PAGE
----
ALSO.  Copyright trolls are now enjoying a seed of legitimacy by the courts, where once upon a time us defense attorneys were “winning” the cases by arguing concepts such as “an IP address does not equal a person,” or “my client had an open wireless router, it could have been anyone who downloaded this video,” the arguments themselves have also aged and are now increasingly being ignored by the courts, even though the arguments remain “an elephant in the room,” meaning, just as valid today as they were yesterday.  On the flip-side, faulty and failed arguments (e.g., “are you negligent if you let someone else use your internet connection to commit copyright infringement” [Answer: NO!]) are being reasserted by the copyright trolls, and to my utter disbelief, they are not immediately being dismissed by the judges as being a faulty argument.

Copyright trolling has not changed in the past five years, and the successful arguments defending a case do not deserve to be ignored just because they have been used successfully by defendants in older lawsuits which too are aging.  Ignoring good case law is contrary to law, as successful arguments in one jurisdiction are binding on all other judges in that federal district, and are persuasive on cases in the federal districts in other cases.  Yet, I see more and more lawlessness in judges who ignore the case law from not only other jurisdictions, but from their own jurisdiction as well (creating a “split” in the court), and they are denying a John Doe defendant’s ability to assert what was a successful argument in another court (even one binding upon them in their own jurisdiction).

In sum, judges are allowing plaintiff copyright holders to sue larger number of defendants each week, even though nothing has changed making this new trend permissible (in my opinion, whether 200 defendants were sued by a plaintiff attorney in one lawsuit or in ten cases [having 20 defendants in each case] filed in the same week still means that 200 defendants were sued; it does not matter that the plaintiff made the cases “appear” to be smaller, especially if they are implicating the same bittorrent swarm in each of the ten cases).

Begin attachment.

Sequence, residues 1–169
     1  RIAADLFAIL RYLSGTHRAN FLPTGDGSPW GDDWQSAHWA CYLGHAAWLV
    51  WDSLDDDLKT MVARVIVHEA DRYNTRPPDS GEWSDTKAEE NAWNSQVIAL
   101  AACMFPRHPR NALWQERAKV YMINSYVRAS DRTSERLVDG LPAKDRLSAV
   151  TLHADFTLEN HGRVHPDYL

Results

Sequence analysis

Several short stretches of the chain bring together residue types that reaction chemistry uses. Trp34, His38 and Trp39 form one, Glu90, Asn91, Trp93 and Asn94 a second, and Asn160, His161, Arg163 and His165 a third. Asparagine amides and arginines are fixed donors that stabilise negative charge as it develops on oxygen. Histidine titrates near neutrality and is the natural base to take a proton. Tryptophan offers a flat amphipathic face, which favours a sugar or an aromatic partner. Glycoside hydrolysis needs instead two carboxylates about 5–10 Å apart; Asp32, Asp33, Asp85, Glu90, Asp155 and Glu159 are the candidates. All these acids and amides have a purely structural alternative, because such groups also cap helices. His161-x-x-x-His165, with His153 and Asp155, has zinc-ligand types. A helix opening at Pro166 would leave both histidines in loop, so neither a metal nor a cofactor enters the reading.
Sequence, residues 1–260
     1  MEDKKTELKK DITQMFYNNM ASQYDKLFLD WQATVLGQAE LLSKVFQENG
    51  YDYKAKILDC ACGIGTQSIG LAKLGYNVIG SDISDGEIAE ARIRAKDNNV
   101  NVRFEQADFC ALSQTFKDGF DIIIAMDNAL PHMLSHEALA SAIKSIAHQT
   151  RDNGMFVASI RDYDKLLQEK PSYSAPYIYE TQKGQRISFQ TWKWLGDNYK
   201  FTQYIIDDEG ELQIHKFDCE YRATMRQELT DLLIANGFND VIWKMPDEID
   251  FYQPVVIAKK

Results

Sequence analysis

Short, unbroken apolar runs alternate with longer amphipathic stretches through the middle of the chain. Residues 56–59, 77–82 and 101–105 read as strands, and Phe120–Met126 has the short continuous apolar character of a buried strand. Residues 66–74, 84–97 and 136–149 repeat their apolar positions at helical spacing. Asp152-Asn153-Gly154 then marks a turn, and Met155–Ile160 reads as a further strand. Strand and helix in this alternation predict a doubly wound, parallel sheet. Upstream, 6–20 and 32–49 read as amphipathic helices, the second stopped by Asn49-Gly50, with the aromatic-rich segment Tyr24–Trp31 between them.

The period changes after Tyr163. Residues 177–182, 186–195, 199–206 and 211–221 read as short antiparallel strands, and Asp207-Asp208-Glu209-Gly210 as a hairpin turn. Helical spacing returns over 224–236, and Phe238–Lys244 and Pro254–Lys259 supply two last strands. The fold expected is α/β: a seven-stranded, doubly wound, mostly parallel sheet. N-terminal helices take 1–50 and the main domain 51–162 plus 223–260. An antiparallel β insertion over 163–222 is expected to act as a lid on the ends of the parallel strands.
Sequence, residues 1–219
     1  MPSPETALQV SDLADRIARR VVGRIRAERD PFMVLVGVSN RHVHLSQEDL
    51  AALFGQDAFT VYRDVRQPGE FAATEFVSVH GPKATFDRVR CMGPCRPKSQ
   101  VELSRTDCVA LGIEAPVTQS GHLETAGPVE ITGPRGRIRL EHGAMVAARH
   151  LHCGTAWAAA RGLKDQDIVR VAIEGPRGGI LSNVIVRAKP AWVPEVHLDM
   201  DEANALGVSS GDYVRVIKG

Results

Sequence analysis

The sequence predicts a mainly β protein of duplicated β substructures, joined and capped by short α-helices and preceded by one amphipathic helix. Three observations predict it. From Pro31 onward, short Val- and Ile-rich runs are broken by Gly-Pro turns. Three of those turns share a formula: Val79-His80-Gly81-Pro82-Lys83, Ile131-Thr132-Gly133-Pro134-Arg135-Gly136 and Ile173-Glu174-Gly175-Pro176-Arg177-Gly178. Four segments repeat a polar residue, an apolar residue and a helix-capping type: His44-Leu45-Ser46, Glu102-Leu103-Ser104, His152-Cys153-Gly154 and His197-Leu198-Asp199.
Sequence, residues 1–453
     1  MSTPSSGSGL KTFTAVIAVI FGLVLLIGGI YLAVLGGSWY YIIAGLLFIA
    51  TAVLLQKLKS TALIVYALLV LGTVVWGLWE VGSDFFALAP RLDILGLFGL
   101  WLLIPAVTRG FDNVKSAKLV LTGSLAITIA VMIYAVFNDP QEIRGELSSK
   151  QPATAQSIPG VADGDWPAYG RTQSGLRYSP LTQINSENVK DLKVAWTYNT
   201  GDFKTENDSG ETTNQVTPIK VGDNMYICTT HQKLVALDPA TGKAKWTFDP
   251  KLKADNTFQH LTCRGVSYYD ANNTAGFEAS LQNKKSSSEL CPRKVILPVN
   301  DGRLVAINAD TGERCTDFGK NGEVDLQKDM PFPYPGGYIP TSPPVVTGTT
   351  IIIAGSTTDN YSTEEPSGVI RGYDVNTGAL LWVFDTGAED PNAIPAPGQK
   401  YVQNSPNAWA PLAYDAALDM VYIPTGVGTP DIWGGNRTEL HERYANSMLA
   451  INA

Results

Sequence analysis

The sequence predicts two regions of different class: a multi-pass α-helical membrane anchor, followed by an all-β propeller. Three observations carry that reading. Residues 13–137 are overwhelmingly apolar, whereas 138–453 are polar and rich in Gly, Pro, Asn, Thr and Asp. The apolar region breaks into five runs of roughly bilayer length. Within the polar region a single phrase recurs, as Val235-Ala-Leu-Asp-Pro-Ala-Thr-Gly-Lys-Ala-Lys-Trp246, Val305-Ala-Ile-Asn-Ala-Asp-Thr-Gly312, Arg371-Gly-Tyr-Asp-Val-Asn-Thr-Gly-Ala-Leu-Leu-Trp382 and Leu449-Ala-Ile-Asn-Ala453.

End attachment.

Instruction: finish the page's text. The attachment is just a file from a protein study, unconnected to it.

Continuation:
Remember, the underlying copyright troll business model of “shakedown, extort thousands of dollars from each defendant, but avoid moving forward against anyone [but pretend that you are prepared to move to trial]” is still the same as it was five years ago. It should not matter whether the content of the lawsuit is a Hollywood movie or an adult film.

[2017 UPDATE: Carl Crowell has created a new entity called RIGHTS ENFORCEMENT which has reverse-engineered CEG-TEK’s proprietary DMCA copyright infringement notice system.  Many of you have visited CEG-TEK links thinking that RIGHTS ENFORCEMENT was CEG-TEK, but really they are an ‘evil twin’ competitor.  Since the two entities operate almost the same way, e.g., sending DMCA copyright infringement notices to the subscriber directly via the ISP, this article is also relevant to RIGHTS ENFORCEMENT.]


CONTACT FORM: If you have a question or comment about what I have written, and you want to keep it *for my eyes only*, please feel free to use the form below. The information you post will be e-mailed to me, and I will be happy to respond.

NOTE: No attorney client relationship is established by sending this form, and while the attorney-client privilege (which keeps everything that you share confidential and private) attaches immediately when you contact me, I do not become your attorney until we sign a contract together.  That being said, please do not state anything “incriminating” about your case when using this form, or more practically, in any e-mail.